• Walt Whitman – Poet, appointment seeker
  • *Mr. Taylor – NY saloonkeeper
  • *George Whitman – Whitman’s brother, Union soldier
  • *Mrs. Whitman – Whitman’s mother

Ch 11

  • Corporal Stone – Confederate soldier, Mrs. Lincoln’s friend from KY
  • *John Todd – Mrs. Lincoln’s cousin, Confederate general
  • *John Hunt Morgan – Confederate commander from KY
  • *Mrs. Todd – Mrs. Lincoln’s stepmother
  • *Charles Hay – Hay’s brother
  • *Fanny Sprague – Sprague’s mother, New England matriarch
  • Roscoe Conkling – Congressman from NY

Ch 12

  • *George Meade – Union general
  • *Governor Curtin – Governor of PA
  • *The Biddles – Patrician family of PA
  • *Mrs. Pomroy – Mrs. Lincoln’s nurse
  • Captain Rewalt – Union physician from PA
  • *Mr. Chandler – War Department telegraph operator
  • *Miss Hooper – Daughter of Georgetown merchant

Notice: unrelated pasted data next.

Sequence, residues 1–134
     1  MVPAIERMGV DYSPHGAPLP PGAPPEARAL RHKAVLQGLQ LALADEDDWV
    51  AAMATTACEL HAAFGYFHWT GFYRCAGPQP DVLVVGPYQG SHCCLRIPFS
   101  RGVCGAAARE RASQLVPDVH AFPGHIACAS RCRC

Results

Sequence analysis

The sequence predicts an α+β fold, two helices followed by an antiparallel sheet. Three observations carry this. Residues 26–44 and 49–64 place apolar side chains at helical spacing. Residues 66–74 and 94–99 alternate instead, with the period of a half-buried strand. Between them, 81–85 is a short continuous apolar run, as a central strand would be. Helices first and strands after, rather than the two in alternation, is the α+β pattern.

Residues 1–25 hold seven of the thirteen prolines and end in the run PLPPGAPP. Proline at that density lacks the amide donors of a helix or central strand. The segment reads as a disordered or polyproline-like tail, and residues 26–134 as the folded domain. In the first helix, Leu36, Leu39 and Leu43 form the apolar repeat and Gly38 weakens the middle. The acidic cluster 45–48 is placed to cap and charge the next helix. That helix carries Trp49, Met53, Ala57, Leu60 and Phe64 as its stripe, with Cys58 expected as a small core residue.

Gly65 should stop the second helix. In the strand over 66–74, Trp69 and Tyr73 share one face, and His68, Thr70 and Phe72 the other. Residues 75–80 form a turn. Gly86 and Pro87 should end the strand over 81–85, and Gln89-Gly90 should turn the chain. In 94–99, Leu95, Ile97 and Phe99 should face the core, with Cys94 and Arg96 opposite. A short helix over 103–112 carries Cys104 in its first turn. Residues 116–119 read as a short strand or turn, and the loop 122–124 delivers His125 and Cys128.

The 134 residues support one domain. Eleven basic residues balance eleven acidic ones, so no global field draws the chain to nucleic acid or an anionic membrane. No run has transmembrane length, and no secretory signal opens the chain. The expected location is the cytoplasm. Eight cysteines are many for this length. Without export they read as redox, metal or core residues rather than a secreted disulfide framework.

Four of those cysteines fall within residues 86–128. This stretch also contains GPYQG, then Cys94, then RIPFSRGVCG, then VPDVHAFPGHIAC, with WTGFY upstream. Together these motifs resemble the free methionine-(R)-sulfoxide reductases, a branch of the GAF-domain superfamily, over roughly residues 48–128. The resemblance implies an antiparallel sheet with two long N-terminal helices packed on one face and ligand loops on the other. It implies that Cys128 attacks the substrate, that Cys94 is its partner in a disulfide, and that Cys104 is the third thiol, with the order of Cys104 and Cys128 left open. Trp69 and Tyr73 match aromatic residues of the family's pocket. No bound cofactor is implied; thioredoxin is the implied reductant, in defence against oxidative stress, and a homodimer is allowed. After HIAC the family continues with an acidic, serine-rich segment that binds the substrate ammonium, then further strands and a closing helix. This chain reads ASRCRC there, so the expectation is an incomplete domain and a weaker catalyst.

• *P.T. Barnum – Impresario
  • *Tom Thumb – Entertainer
  • *Mrs. Thumb – Entertainer
  • Admiral Porter – Union naval commander
  • *Mrs. Hanks – Lincoln’s mother
  • *John C. Calhoun – Slavery advocate
  • *Senator Morgan – Senator from NY
  • Samuel J. Tilden – Former governor of NY
  • *Martin Van Buren – Former president
  • *Archbishop Hughes – Catholic archbishop of NY

Part 3 - Ch 1

  • *Mr. Grover – Theater owner
  • *E. L. Davenport – Actor
  • *J. W. Wallack – Actor
  • *Miss Cushman – Actor
  • Edward Spangler – Stagehand
  • *Edwin Forrest – Actor
  • *Junius Brutus Booth – Actor, father of John Wilkes Booth
  • *Edwin Booth – Actor, brother of John Wilkes Booth